Reference address :

ELPENOR - Home of the Greek Word

Three Millennia of Greek Literature
Constantinople Home Page  

Please note that Mommsen uses the AUC chronology (Ab Urbe Condita), i.e. from the founding of the City of Rome. You can use this reference table to have the B.C. dates


IV. The Revolution

From: The History of Rome, by Theodor Mommsen
Translated with the sanction of the author by William Purdie Dickson

The History of Old Rome

CHAPTER IV - The Rule of the Restoration


Icon of the Christ and New Testament Reader

» Contents of this Chapter

Page 36

On the news of this peace the storm once more broke forth in Rome. Everybody knew how the peace had been brought about; even Scaurus was evidently open to bribery, only at a price higher than the ordinary senatorial average. The legal validity of the peace was seriously assailed in the senate; Gaius Memmius declared that the king, if he had really submitted unconditionally, could not refuse to appear in Rome, and that he should accordingly be summoned before them, with the view of ascertaining how the matter actually stood as to the thoroughly irregular negotiations for peace by hearing both the contracting parties.

They yielded to the inconvenient demand: but at the same time granted a safe-conduct to the king inconsistently with the law, for he came not as an enemy, but as one who had made his submission. Thereupon the king actually appeared at Rome and presented himself to be heard before the assembled people, which was with difficulty induced to respect the safe-conduct and to refrain from tearing in pieces on the spot the murderer of the Italians at Cirta. But scarcely had Gaius Memmius addressed his first question to the king, when one of his colleagues interfered in virtue of his veto and enjoined the king to be silent.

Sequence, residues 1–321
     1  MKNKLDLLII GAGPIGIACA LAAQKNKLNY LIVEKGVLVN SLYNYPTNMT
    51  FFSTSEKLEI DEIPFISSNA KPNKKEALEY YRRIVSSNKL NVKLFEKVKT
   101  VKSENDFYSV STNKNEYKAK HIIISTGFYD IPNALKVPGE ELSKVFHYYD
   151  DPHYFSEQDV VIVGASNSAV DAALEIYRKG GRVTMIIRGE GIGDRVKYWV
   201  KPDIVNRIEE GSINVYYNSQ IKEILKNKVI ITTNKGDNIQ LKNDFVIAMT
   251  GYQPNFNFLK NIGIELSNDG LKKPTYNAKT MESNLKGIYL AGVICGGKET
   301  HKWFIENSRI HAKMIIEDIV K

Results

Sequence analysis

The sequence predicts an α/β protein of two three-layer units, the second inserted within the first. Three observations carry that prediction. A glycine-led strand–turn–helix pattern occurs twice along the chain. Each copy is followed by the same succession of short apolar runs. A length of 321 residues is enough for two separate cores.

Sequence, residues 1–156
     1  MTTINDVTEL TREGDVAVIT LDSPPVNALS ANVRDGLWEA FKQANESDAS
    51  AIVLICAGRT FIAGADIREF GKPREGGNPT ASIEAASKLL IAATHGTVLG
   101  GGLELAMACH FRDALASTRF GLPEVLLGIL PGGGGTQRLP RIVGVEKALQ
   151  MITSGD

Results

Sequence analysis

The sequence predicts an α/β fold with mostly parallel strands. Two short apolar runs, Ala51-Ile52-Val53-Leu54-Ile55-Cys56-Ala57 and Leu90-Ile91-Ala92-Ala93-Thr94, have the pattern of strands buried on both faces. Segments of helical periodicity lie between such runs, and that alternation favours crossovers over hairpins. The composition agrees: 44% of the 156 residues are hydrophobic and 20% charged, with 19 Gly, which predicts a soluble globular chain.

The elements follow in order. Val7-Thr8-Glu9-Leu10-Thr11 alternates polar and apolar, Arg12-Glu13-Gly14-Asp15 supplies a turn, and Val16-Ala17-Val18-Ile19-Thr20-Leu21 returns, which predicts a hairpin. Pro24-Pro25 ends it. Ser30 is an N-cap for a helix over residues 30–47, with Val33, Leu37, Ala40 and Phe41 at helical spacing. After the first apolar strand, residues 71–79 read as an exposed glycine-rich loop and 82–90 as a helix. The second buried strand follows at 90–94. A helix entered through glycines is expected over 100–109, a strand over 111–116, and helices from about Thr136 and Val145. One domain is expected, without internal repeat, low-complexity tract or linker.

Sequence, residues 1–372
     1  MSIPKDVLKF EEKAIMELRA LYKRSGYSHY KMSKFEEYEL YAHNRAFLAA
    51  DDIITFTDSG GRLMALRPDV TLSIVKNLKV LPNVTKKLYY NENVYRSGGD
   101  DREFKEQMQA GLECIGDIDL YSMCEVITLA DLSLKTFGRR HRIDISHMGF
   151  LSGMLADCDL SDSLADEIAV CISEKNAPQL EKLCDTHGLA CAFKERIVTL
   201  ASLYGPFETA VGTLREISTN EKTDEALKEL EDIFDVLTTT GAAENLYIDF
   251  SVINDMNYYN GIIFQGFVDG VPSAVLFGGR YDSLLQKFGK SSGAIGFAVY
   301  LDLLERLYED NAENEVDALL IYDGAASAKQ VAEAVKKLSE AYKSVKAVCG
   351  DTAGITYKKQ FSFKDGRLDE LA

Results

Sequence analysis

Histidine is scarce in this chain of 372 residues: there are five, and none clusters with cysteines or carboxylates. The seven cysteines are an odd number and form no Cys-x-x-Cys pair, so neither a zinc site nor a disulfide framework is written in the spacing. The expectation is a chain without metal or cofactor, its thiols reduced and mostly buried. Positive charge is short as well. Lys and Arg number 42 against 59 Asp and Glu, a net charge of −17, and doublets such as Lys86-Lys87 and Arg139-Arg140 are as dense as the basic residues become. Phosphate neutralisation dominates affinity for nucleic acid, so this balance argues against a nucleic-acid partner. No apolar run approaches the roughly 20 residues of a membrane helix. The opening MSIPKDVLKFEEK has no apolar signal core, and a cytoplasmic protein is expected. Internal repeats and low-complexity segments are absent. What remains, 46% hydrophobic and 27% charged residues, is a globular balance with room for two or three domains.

Here too African gold was more powerful than the will of the sovereign people and of its supreme magistrates. Meanwhile the discussions respecting the validity of the peace so concluded went on in the senate, and the new consul Spurius Postumius Albinus zealously supported the proposal to cancel it, in the expectation that in that case the chief command in Africa would devolve on him.

This induced Massiva, a grandson of Massinissa living in Rome, to assert before the senate his claims to the vacant Numidian kingdom; upon which Bomilcar, one of the confidants of king Jugurtha, doubtless under his instructions made away with the rival of his master by assassination, and, when he was prosecuted on account of it, escaped with Jugurtha's aid from Rome.

Previous / First / Next Page of this Chapter

Do you see any typos or other mistakes? Please let us know and correct them

The History of Old Rome: Contents ||| The Medieval West | The Making of Europe | Constantinople Home Page

Three Millennia of Greek Literature

Receive updates :

Learned Freeware

Reference address :